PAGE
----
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Welcoming Summer…

This week we welcome the change from spring to summer at Our Common Table. Summertime is the perfect time for our seasonal local produce. If you’ve visited a farmers’ market lately, you already know this -- our local markets are overflowing with vibrant, fresh, local produce!


Eating local this summer not only provides us with the freshest, most delicious foods to eat, but it also supports our local farmers, boosts our local food economy, and connects us with our community and our environment. In this blog post, we will dive into the benefits and ways to eat locally this summer.


Freshness and Flavor

One of the greatest joys of consuming local, in-season produce is the unparalleled freshness and flavor it offers. Locally grown fruits and vegetables are harvested when they are at their peak ripeness rather than under-ripe. This is because they don’t have to travel as far from the farm to your table, ensuring a vibrant taste that simply cannot be replicated by produce that has traveled long distances. There is truly nothing like biting into a fresh, local peach or perfectly ripe tomato in the summertime. By choosing local, in-season produce, you embark on a culinary adventure that delights the taste buds and nourishes the body.


Supporting Local Farmers and Communities

When you opt for local, in-season produce, you actively contribute to the well-being of local farmers and communities. By supporting local agriculture, you help sustain family-owned farms, preserve rural landscapes, and foster economic growth. Farmers’ markets, community-supported agriculture programs, and farm stands become lively hubs of activity, connecting consumers directly with those who grow their food. This engagement builds a sense of community, strengthens local food systems, and establishes a direct relationship between farmers and consumers.

Environmental Benefits

Choosing local, in-season produce is also an environmentally responsible choice. When food doesn't have to travel long distances to reach your plate, it reduces emissions associated with transportation. Additionally, each time we buy from local farmers we are voting with our dollar. We can choose to support local farmers who prioritize beneficial farming and sustainable practices. By supporting local agriculture, we also support the preservation of soil health, water resources, and biodiversity.

Culinary Adventure and Creativity

The availability of local, in-season produce in summer opens a world of culinary exploration and creativity. As you peruse farmers’ markets or visit farm stands, you'll discover an array of unique fruits, vegetables, and herbs. The seasonal variety offers an opportunity to experiment with different flavors and textures, elevating your culinary skills and expanding your palate.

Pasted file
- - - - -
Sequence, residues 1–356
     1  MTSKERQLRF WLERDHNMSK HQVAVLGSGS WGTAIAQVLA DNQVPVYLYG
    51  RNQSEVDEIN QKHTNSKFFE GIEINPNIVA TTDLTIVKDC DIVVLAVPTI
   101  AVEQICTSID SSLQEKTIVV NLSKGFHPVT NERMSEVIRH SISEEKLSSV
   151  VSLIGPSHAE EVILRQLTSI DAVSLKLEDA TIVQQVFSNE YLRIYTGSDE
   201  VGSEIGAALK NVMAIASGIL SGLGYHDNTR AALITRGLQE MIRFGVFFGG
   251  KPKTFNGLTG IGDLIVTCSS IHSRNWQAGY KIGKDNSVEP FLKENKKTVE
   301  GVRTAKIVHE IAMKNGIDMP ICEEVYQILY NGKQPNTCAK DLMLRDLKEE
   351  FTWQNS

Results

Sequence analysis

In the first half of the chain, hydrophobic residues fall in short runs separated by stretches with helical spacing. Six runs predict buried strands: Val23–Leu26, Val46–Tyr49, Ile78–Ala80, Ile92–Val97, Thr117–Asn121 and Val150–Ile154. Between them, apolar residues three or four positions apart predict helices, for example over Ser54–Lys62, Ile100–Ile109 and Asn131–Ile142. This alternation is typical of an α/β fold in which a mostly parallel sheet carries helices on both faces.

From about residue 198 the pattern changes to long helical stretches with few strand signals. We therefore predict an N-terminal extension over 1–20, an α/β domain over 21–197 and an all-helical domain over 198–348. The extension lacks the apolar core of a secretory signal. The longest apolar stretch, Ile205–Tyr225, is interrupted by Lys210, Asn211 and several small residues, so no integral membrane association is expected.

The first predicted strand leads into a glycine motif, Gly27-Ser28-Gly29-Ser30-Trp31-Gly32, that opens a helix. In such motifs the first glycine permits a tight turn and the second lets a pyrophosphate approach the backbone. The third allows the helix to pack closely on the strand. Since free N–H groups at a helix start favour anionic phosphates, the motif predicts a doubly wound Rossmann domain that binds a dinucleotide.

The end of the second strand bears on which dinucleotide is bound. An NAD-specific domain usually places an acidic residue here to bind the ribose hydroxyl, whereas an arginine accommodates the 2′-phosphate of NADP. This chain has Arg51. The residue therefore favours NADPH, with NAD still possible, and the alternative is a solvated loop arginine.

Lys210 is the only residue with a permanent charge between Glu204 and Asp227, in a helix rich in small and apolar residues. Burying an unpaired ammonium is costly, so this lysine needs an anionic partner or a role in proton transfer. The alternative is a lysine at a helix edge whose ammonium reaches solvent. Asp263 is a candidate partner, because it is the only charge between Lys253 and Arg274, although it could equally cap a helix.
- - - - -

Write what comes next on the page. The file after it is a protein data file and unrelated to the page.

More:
Welcoming summer means embracing the wealth of local, in-season produce that it brings. The bounty of summer offers an exciting culinary adventure, inviting you to savor the essence of the season with every bite. So, visit your local farmers’ market or farm stand, connect with the farmers, and let the flavors of summer guide your culinary journey.


Want to find new recipes that use local, Chesapeake ingredients? Be sure to follow us on our social media platforms and don’t miss an episode of Chesapeake Bites. Each week we share a recipe that features local ingredients and demonstrates how you can eat well, protect our environment, and rebuild our local food economy one dish at a time.


Want to know what is in-season in Maryland right now? Check out the chart below from the Maryland Department of Agriculture. To learn more, visit: Maryland Department of Agriculture Calendar of Maryland Harvests.


May 15 - June 20

​Strawberries

June 1 - July 1

Peas (green)

June 1 - Sept. 15

Cabbage

June 10 - July 10

Cherries (sweet)

June 10 - Sept. 15

Beans (snap)

June 15 - July 10

Raspberries (black & red)

June 15 - July 15

Cherries (sour)

June 20 - Aug. 1

Blueberries

June 25 - Aug. 30

Beans (pole)

June 25 - Sept. 1

Squash (summer)

June 25 - Sept. 15

Corn (yellow & white)

July 1 - Aug. 1

Cucumbers (pickles)

July 1 - Sept. 1

Cucumbers

July 1 - Sept. 30

Potatoes

July 1 - Oct. 30

Honey

July 4 - Sept. 1

Beets

July 4 - Sept. 15

Tomatoes

July 5 - Aug. 1

Blackberries

July 5 - Sept. 20

Peaches

July 10 - Sept. 15

Carrots

July 10 - Nov. 1

Broccoli

July 15 - Aug. 30

Okra

July 15 - Sept. 15

Cantaloupes, Plums

July 20 - Aug. 30

Peas (black-eyed)

July 20 - Sept. 1

Beans (lima)

July 21 - Sept. 20

Cider

July 25 - Aug. 25

Nectarines

July 25 - Sept. 10

Eggplant

July 25 - Sept. 15

Peppers

July 25 - Oct. 1

Watermelons

Aug. 1 - Sept. 10

Blackberries (thornless)

Aug. 1 - Sept. 30

Squash (winter)

ug. 15 - Sept. 20

Grapes (table & wine)

Aug. 15 - Oct. 15

Pears

Aug. 15 - Nov. 1

Turnips

Aug. 15 - Nov. 5

Apples

Aug. 31 - Sept. 25

Raspberries (red)



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